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Tax dollars should never be used to elect members of Congress

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Maine people work hard to get ahead, but the more politicians steal from our paychecks, the more we struggle to even tread water. That’s why, during my two terms in the Maine Senate, I fought for taxpayers against Augusta’s culture of cronyism and wasteful spending.

Over the last 17 years, Augusta politicians have taken $40 million dollars from the Maine taxpayers to fund their campaigns. They tell us this helps reduce special interest spending in our elections, but a Duke University study found this to be absolutely untrue. Not only has this expensive “welfare for politicians” program done nothing to stop the special interests, it has made election spending less transparent as their money is now diverted through PACs and political parties.

The definition of insanity is doing the same thing over and over, while expecting different results. That’s why I published an Op-Ed in the Bangor Daily News earlier this week criticizing Congressman Jared Golden for joining with Nancy Pelosi to co-sponsor new legislation in Congress (H.R. 1) that would replicate this failed welfare for politicians program on the federal level, granting every Washington politician millions in tax dollars to spend on their re-elections.

Apparently, my piece touched a nerve with Anna Keller, the head lobbyist for welfare for politicians in Maine, who instantly fired back, attacking my integrity rather than addressing my arguments.

Accusing me of being a tool for special interests, Kellar cited a donation to my recent campaign for US Senate received from “Jobs, Freedom & Security PAC.” She fails to mention this is Senator Ted Cruz’s Leadership PAC (who sent a $5000 PAC contribution after endorsing my candidacy) and instead implies this is one of the many corporate lobbyist-driven PACs that populate Washington.

Since virtually every corporate lobbyist-driven PAC gave to my opponent, Sen. Angus King, I can understand why Kellar had difficulty finding a real example to fit her narrative. (Apparently, my calls for ending hundreds of billions in corporate welfare didn’t appeal to the corporate special interests).

Instead, I ran a grassroots-driven campaign, fueled by the hard work of hundreds of volunteers and low-dollar donations, including contributions of less than $50 from over 5000 individual citizens.

Kellar (ironically the head of a well-monied special interest group), misses the point of my argument completely. Assuming she’s truly motivated by a desire to fight back against special interest influences, I’m ready to work with her and all Maine people.

The multimillion dollar onslaught of television ads and slick mailers we saw in last year’s Second District contest did little to advance debate and turned many off completely. I want to see a return to issues-based campaigning and honest debate.

But giving our hard-earned tax dollars to politicians and their rich consultants will never fix the problem.

Instead, here are two specific policy changes we could make today to effectively fight against special interest influences in our government — without costing taxpayers a penny or shredding our Constitutional rights:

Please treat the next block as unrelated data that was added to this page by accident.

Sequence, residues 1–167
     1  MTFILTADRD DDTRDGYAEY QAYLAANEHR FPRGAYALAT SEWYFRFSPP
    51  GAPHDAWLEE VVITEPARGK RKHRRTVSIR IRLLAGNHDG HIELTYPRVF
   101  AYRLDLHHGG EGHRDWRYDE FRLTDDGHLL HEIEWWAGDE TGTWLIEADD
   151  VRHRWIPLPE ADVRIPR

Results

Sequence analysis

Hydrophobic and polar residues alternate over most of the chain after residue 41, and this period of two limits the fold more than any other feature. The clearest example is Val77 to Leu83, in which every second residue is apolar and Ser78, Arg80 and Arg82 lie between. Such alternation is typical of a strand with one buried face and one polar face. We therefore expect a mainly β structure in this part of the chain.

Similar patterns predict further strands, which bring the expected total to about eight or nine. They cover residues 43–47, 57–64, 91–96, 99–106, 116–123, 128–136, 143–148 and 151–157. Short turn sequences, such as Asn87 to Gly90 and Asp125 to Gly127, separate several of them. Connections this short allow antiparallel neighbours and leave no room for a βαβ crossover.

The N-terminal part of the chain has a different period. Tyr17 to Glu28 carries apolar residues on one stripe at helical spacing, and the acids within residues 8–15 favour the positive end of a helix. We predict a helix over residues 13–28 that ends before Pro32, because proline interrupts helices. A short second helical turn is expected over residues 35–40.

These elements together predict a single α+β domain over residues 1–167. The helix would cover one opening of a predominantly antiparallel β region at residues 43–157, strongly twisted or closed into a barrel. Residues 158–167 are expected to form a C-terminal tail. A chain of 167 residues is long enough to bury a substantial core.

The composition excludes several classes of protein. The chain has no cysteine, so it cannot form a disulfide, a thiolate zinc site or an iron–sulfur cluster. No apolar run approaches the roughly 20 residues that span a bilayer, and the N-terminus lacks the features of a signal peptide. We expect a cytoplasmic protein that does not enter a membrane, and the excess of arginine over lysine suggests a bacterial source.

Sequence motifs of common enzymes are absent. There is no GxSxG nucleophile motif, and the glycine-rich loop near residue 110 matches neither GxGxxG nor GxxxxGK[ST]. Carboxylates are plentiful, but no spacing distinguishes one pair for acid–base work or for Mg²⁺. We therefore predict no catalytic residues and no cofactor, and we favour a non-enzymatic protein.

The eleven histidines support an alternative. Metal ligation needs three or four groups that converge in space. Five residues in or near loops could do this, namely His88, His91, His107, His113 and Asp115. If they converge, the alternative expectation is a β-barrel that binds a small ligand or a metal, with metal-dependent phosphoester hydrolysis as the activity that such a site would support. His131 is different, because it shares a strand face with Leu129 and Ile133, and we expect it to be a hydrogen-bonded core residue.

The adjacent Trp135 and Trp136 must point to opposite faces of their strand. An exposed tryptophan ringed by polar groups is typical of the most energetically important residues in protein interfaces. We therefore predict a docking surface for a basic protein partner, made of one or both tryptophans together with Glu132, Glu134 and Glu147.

1. We have a real problem with government contractors taking our taxpayer money and using it to lobby for more taxpayer money through more government contracts. This is pure and simple crony capitalism.

    Let’s end this practice by putting a clause in every government contract valued at more than $1 million to prohibit these organizations (including both corporations and unions) from donating to candidates, PACs and political parties. We can enforce this prohibition by requiring those organizations that violate this contract be ineligible for future government contracts.
  2. Another problem is the amount of money foreign governments spend to lobby and influence our representatives in Washington. Let’s prohibit this practice outright. If foreign governments want to discuss issues with our elected officials, they should use official diplomatic channels, not D.C. lobbying firms

These two practical changes would plug holes in the integrity of our system. That said, we will never truly defeat big money in politics until we address its root cause: big government itself.

If we want big money out of politics, we must cut the scope of government and restore its proper size. Government at all levels consumes 36% of our GDP. Today, controlling government means controlling trillions in spending, creating tremendous incentive for special interests across the ideological spectrum to develop increasingly creative ways to buy off the politicians.

Big money in politics – Super PACs, Citizens United, so called ‘dark money” – are symptoms of a government that has grown out-of-control, running the economy, promoting crony capitalism and out of touch, one-size-fits-all solutions that tell us all how to live. Taxpayer funding of political campaigns only adds fuel to the fire while sticking a thumb in the eye of the taxpayer and eroding our freedom of speech.

I urge Maine people to join me in what should be our most precious common goal: restoring our government to its proper, Constitutional size and ensuring government does only what it should: protect our freedoms as American people.

About Eric Brakey

Eric Brakey is a former Maine State Senator and the Founder of the Free Maine Campaign. In 2018, he ran as the Maine Republican nominee for US Senate.

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